Interestingly, according to survey respondents, fatigue was the symptom that most affected their daily activities, as reported by 214 patients of 564 (37.94%).
Mestinon (pyridostigmine) was by far the medication taken most frequently by survey respondents (34.46%, 191 of 553 patients). That was followed by CellCept (mycophenolate mofetil) at 13.36%, and intravenous immunoglobulin, at 9.65%.
When asked how satisfied they were with their treatment plan, most reported being satisfied (71.3%, 395 of 554 patients) — 27.44% were “extremely satisfied,” and 43.86% “somewhat satisfied.” Extreme dissatisfaction was reported by 2.71% (15 patients).
In line with results on treatment satisfaction, 73% (404 of 554 patients) said they are not considering a change in their treatment plan, versus 27% (150 patients) who said that they are. Of those considering a treatment switch, 45.52% say lack of effectiveness of their current treatment is the primary reason to consider a switch, and 31.03% point to treatment side effects as the main reason. Frequency of treatment administration (4.14%) and cost (2.76%) also were noted as reasons for considering a treatment switch.
In terms of treatment side effects, fatigue was again reported as the main symptom experienced by patients (10.72%, 55 of 516 patients), followed by leg cramps (6.71%), and insomnia (5.57%). In total, 31.85% (157 of 493 respondents) considered fatigue their most bothersome treatment-related side effect, followed by diarrhea (9.13%).
Data on health insurance was available for 638 patients. Most were covered by Medicare (52.82%), followed by private insurance (29.31%), Tricare (1.88%), and Medicaid (1.25%). Other types of health insurance were used by 11.29% of the respondents, and 0.63% (four patients) reported not having health insurance.
Most respondents (more than 85% of 595 patients) were generally satisfied with their insurance provider, with 52.77% answering they were “extremely satisfied” and 32.94% responding they were “somewhat satisfied.” The option “extremely dissatisfied” was chosen by 1.01% of the respondents (six of 595 patients).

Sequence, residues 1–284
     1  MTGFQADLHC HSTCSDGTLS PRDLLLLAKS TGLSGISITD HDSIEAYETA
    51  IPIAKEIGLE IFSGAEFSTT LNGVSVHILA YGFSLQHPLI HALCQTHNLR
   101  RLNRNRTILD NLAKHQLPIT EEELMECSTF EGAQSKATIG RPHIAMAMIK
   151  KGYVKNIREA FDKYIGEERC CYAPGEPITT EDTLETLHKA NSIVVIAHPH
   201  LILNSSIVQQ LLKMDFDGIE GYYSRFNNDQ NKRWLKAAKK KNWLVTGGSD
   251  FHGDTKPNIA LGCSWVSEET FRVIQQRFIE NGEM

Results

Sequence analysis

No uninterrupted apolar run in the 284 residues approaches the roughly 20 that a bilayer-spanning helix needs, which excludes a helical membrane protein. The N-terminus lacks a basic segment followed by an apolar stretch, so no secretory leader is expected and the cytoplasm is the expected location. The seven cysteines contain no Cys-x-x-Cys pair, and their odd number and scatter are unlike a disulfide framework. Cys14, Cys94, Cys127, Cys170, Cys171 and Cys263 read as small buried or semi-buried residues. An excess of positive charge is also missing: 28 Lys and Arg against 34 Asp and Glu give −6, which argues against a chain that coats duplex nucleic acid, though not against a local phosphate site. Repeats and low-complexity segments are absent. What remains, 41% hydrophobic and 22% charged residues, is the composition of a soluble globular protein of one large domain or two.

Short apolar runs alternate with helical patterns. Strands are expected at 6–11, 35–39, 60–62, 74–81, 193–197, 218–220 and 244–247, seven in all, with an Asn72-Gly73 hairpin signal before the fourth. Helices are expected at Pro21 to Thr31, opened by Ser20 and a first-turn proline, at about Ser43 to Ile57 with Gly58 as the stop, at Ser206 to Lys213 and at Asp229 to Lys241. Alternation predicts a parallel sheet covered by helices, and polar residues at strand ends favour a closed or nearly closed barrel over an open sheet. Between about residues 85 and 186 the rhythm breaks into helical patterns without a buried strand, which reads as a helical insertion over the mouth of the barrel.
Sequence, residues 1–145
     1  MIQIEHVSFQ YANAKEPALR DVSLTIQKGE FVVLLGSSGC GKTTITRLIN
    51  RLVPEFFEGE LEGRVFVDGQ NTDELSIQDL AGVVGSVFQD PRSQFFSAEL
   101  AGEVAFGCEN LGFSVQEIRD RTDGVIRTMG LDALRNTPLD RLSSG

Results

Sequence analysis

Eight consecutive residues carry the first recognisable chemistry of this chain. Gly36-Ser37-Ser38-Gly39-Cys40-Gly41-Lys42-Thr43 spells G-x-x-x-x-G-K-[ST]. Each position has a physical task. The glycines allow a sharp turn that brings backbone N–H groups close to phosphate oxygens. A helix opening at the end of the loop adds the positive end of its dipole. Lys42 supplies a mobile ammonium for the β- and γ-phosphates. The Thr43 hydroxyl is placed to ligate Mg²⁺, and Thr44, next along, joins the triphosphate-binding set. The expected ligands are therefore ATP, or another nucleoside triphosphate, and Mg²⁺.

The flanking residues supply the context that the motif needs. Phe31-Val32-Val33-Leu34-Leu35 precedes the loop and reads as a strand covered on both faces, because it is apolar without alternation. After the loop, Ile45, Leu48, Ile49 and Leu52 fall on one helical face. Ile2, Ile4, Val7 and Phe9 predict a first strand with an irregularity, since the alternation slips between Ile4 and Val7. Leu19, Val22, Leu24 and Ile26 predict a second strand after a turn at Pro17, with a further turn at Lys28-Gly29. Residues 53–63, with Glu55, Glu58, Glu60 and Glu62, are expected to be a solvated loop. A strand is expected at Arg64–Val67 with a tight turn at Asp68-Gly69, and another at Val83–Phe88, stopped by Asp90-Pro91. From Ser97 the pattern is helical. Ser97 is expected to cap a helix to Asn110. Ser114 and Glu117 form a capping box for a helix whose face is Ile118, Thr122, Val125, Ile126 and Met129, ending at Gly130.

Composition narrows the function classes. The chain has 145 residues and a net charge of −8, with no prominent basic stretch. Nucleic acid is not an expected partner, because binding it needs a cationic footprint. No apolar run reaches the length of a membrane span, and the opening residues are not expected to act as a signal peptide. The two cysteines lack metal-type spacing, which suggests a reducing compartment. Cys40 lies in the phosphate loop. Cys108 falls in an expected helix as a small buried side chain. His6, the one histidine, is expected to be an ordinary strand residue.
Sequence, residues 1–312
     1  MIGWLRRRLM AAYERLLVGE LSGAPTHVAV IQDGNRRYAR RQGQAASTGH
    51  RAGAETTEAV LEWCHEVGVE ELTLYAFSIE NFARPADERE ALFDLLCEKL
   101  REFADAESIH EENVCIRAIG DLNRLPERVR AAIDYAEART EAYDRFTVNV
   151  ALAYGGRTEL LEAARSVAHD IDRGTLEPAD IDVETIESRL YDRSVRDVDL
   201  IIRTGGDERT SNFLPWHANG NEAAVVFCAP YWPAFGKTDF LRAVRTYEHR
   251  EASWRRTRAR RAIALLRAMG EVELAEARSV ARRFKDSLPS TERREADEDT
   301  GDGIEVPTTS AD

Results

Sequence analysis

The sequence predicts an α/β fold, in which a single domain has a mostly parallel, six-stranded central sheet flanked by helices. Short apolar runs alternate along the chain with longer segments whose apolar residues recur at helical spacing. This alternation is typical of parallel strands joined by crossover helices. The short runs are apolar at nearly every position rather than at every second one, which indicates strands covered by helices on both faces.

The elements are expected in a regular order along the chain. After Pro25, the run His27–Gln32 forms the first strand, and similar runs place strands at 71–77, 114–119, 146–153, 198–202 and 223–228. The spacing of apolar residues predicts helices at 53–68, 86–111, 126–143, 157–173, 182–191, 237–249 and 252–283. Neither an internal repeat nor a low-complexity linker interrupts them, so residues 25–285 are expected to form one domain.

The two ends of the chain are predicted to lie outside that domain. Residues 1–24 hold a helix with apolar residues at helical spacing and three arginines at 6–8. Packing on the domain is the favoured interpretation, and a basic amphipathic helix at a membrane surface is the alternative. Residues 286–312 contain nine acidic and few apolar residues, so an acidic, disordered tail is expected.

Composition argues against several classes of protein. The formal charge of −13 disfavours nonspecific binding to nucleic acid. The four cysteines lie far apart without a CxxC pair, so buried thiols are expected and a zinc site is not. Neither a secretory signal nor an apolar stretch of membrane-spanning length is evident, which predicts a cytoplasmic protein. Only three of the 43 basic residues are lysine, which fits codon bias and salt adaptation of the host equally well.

Quality of life is an important factor when managing a disease and treatment plan. Healthcare providers note that patient-reported quality of life is multidimensional, representing an individual’s overall perception of the effect of illness and treatment on the physical, psychological, and social aspects of their lives.
Survey results showed that, of the 641 patients who responded, 44.3% (284) were satisfied to some degree with their quality of life — 13.57% were “very satisfied” and 30.73% “somewhat satisfied.”
However, a similar percentage — 45.71% (293) — reported being unsatisfied, with 17% being “very unsatisfied” and 28.71% “somewhat unsatisfied.”
Nonetheless, when asked about their perspective and feelings about the future, 57.97% (371 of 640 patients) reported being optimistic — 36.41% said they were “somewhat optimistic” and 21.56% reported being “very optimistic.” In contrast, 20% reported being “somewhat pessimistic” and 4.38% “very pessimistic.”
Overall, the results from the survey indicate that more support should be given to MG patients to increase their quality of life and understand their needs. On that note, high-quality care and proper symptom management seem crucial factors. The data suggest that a discussion on strategies to help patients achieve a greater quality of life should take place within the healthcare and patient communities.
Based on these results, further research could examine more detailed data on factors that determine quality of life for MG patients.